- This year, McConnell, who declined a request for further comment left with his office, has ignored multiple gun-control measures passed by the Democrat-controlled House.
- [The National Rifle Association]… has rewarded him with more than $1.2 million in contributions in his career, according to a database compiled by the Center for Responsive Politics.
- “We should all be free to live without the fear of being shot,” said Cathy Mekus, a leader with the Louisville chapter of Moms Demand Action, an anti-gun violence group. “Once again, gun violence is tearing apart the lives of Americans. … I hope the pressure gets to Sen. McConnell, and I hope he will see fit to bring this to the floor of the Senate for a vote.”
- McConnell’s support from the gun lobby has helped fuel his political career since his first reelection.
New York Times: One Man Could Decide Washington’s Response to Gun Violence: Mitch McConnell
- For two decades, through Columbine, Virginia Tech, Newtown, Orlando, Las Vegas and the rest, mass shootings have provoked only scant action in Congress. Now, after horrific back-to-back massacres this weekend, people in both parties agree that one man could change that: Senator Mitch McConnell.
- As President Trump urged national unity in the face of “racist hate” without endorsing broad gun control measures, Democrats and a handful of Republicans called on Monday for Mr. McConnell, the majority leader, to bring up legislation to require gun buyers — including those on the internet and at gun shows — to go through background checks.
- Mr. McConnell… made no commitments.
- With Congress in recess, Speaker Nancy Pelosi and Senator Chuck Schumer, the Democratic leader, demanded that Mr. McConnell bring back the Senate — something he is highly unlikely to do — to consider a House background checks bill, which passed in February.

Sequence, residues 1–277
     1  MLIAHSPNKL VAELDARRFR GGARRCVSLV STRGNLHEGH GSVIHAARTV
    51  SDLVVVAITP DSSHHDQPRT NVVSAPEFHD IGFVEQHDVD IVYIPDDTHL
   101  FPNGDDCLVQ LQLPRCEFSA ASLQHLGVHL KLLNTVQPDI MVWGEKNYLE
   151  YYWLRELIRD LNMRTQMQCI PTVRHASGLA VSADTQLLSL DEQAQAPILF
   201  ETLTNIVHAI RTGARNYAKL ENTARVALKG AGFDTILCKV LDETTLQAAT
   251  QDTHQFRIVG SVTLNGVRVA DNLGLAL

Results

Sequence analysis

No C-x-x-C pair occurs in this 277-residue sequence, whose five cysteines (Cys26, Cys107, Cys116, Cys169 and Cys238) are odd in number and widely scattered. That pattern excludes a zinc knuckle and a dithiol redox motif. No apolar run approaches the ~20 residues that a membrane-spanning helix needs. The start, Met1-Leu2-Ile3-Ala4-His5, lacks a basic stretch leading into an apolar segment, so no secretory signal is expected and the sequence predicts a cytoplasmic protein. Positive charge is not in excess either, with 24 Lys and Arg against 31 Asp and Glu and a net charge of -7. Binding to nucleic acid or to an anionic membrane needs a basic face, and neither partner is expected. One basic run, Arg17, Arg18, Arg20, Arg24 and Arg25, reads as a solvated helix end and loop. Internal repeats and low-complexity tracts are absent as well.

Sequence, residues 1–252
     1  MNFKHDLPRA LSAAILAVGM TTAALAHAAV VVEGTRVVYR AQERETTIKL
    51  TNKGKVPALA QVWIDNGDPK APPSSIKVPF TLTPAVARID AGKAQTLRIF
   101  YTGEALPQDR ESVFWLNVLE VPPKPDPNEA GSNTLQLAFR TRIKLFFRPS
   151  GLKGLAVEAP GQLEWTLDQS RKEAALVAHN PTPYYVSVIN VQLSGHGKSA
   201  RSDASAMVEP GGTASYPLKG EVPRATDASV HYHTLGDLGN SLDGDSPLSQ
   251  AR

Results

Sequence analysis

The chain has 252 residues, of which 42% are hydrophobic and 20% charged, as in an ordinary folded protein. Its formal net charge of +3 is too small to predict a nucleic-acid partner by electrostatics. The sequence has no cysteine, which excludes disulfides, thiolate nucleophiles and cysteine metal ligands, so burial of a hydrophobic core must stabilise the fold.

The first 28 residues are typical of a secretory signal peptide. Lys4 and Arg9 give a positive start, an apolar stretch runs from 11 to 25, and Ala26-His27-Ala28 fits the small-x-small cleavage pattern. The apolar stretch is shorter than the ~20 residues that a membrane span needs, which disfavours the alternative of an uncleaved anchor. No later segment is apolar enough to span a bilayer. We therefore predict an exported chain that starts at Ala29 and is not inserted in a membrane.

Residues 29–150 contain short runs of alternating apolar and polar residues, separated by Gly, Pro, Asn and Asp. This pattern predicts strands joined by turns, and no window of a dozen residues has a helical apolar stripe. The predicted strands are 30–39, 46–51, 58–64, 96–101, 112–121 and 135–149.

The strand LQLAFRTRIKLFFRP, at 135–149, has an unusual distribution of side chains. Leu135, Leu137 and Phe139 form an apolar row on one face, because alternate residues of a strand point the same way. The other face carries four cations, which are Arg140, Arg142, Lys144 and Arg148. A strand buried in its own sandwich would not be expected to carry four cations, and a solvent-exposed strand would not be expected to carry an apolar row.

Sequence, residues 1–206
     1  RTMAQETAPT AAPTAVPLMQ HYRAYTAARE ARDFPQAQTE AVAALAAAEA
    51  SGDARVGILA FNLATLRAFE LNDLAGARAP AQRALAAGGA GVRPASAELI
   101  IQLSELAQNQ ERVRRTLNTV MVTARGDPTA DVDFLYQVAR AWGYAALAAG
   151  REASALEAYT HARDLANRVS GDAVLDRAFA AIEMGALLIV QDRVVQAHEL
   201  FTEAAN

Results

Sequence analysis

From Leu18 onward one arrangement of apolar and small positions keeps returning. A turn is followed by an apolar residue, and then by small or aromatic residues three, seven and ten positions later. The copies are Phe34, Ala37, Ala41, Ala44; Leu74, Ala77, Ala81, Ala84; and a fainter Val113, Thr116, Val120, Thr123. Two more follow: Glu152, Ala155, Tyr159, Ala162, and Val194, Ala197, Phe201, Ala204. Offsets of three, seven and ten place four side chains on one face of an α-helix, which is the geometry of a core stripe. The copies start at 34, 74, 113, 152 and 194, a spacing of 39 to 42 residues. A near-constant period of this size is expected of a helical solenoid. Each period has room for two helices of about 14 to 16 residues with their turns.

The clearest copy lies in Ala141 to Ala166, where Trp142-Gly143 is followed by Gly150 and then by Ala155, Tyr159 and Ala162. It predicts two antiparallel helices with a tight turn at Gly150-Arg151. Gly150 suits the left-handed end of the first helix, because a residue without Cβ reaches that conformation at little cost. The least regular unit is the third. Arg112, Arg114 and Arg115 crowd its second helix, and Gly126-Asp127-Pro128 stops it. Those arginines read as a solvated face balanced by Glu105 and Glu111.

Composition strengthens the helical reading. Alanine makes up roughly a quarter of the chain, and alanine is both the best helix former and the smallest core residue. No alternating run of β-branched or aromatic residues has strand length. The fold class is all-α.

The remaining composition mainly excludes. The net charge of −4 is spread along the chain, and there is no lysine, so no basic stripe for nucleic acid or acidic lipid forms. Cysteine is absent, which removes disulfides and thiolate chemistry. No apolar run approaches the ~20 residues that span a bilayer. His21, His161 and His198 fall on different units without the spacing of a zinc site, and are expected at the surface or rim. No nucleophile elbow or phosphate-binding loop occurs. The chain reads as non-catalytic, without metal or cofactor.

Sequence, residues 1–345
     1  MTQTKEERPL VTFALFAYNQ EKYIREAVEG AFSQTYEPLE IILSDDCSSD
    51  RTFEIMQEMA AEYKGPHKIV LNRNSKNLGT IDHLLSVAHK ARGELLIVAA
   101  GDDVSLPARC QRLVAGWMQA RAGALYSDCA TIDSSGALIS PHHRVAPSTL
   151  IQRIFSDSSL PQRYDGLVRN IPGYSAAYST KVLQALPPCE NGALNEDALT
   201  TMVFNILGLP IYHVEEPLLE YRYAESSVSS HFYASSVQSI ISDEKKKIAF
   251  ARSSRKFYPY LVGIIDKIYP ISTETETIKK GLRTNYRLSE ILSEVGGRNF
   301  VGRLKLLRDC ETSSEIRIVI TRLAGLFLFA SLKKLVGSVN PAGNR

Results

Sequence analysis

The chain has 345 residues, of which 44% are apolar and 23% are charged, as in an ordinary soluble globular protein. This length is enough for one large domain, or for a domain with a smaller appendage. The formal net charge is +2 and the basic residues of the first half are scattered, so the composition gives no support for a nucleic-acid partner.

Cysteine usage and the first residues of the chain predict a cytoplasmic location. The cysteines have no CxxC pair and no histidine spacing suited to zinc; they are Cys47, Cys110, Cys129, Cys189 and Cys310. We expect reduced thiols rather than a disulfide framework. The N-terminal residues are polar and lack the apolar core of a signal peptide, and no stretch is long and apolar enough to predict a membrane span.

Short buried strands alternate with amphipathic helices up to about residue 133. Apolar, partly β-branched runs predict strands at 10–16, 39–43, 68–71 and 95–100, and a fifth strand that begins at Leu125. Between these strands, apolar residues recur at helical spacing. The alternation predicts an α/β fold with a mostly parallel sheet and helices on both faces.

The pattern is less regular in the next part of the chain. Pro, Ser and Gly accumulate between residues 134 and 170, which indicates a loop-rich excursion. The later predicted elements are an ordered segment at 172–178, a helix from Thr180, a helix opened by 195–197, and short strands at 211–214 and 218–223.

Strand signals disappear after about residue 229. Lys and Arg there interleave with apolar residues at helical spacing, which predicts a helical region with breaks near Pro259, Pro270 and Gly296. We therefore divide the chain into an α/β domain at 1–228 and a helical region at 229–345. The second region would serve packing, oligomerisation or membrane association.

NPR: Mitch McConnell Has Long Argued For More Money In Politics
- Senate Majority Leader McConnell is one of the few politicians who argues for more money in politics. His stance led to a decades-long fight with Sen. John McCain, who pushed for donation limits.
- McConnell has never strayed from his belief that there should be more money in politics, not less.
- Basically every year in the late 1980s and in the 1990s, McConnell successfully blocked tough campaign finance regulations.
- McCain did eventually pass a campaign finance law. But in 2010, the Supreme Court, in the Citizens United case, allowed unlimited corporate and union spending on elections. Mitch McConnell called it a terrific decision.
- His side of the argument, at least for now, has won out. Many expect that all the spending by campaigns, superPACs and other outside groups will make the 2020 election the most expensive in history.
POLITICO: Ex-McConnell staffers lobbied on Russian-backed Kentucky project
- Two former top staffers to Senate Majority Leader Mitch McConnell have lobbied Congress and the Treasury Department on the development of a new Kentucky aluminum mill backed by the Russian aluminum giant Rusal, according to a new lobbying disclosure.
- The disclosure comes as Democrats are pushing the Trump administration to review Rusal’s $200 million investment in the Kentucky project — concerned that the mill will supply the Defense Department — and as McConnell weathers criticism for helping block a congressional effort to stop the investment.
- …McConnell’s office declined to comment on whether they had [directly lobbied McConnell’s office over the aluminum mill project].